Speaking with the Nigerian Tribune, some of the traders attributed the development to banditry, lamenting that most of their cows had been rustled and the little available ones are now sold for higher price.
They also the dry season is not for tomatoes and onions, a reason the commodities increased in price in the state.
However, checks by the Nigerian Tribune revealed that prices of essential goods, including onions, yam, rice, beans, tomatoes and other edibles remain stable in Akwa Ibom State.
Some foodstuffs dealers at the major markets in Uyo, including Itam and Akpanandem, who spoke to our reporter indicated that “the stability in prices of major staples is based on the fact that most of what we consume in Akwa Ibom, except beef, come from the neighbouring Cross River State.”
They said the state government is producing tomatoes in large farms and that has contributed to the stability in price of tomatoes at a unit price of N100.
Food prices was on steady rise in markets across the Federal Capital Territory (FCT) on Monday, with beef and other commodities such as beans most impacted.
A market survey conducted by the Nigerian Tribune at the popular Wuse Market Abuja and Utako revealed that meat prices had doubled what it used to be in the last few weeks. Customers were seen lamenting the little quantity of meat being sold at exorbitant prices.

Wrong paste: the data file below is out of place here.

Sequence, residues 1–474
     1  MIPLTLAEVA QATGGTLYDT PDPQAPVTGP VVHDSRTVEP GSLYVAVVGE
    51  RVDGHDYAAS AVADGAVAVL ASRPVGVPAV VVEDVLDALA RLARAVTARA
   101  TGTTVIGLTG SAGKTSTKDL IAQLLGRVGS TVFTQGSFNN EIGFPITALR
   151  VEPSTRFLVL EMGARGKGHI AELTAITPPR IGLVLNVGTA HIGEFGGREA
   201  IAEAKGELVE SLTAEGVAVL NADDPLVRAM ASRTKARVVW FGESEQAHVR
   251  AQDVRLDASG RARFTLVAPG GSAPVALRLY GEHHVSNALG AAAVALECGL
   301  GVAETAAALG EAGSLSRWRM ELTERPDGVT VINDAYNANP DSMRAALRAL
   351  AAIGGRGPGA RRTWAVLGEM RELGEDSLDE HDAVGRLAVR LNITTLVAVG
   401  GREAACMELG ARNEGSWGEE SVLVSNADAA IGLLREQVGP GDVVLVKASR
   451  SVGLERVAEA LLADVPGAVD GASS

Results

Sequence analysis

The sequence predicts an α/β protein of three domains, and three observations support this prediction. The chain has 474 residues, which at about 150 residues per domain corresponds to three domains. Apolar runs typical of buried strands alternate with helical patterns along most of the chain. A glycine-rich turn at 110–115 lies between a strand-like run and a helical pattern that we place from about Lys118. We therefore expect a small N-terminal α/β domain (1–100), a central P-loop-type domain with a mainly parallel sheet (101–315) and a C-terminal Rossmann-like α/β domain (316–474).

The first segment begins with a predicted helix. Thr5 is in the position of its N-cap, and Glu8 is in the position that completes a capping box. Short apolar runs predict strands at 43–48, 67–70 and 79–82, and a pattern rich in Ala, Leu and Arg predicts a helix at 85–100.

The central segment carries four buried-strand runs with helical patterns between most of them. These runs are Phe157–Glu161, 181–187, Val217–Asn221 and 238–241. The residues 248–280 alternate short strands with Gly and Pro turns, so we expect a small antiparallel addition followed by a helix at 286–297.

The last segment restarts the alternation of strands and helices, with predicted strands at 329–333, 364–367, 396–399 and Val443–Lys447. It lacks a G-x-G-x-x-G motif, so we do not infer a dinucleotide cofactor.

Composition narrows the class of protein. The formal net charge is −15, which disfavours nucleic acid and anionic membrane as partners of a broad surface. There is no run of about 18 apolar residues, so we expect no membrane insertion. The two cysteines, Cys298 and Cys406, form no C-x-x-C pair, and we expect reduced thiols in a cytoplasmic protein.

In a chat with the Nigerian Tribune, Kabir, a meat seller, said a cow, which was going for N400,000 now costs N550,000. “We didn’t see cows to buy. Cow that we bought for N400,000 is now N550,000. An addition of N150,000,” says Kabir.
For Kano, it was reported that rampant cases of kidnapping and attack by the cattle rearers across the country contributed to the high price of food items across the state.
Many of the traders that spoke with the Nigerian Tribune said they were afraid of travelling outside the state capital, while most farmers have allegedly abandoned their farm for fear of being attacked or kidnapped.
The development made the cost of food items to rise in the state. For Lagos, the decision of some northern food traders to restrict food movement from going to the southern part of the country seems to be gradually taking its toll on food prices.
Checks at some major markets across Lagos metropolis revealed a more than 100 per cent increase in the prices of foodstuffs, including beef. One of the meat sellers at Ikosi Market told the Nigerian Tribune that: “We travelled to Ogbomosho on Sunday to buy cattle to kill and sell today in Lagos.
The cow we used to buy at N150,000 is now N300,000. “Most of my colleagues don’t even have meat to sell.
The meat is too expensive, one piece of meat is now N100,” he stated. Chairman, Mile 12 International Market, Alhaji Shehu Usman, identified the recent ethnic clash and attack on farmers in Oyo State as the reasons for the increase in prices of foodstuff across the South-West.
Confirming the price hike, the Seriki Hausawa, Agege, Alhaji Musa Musa Mohammed, said he had personally visited some markets in the metropolis to confirm the development.
Speaking through his personal assistant, Alhaji Adamu Musa, he told the Nigerian Tribune that he personally went to Agege market in the morning and bought some tomatoes, pepper and onions.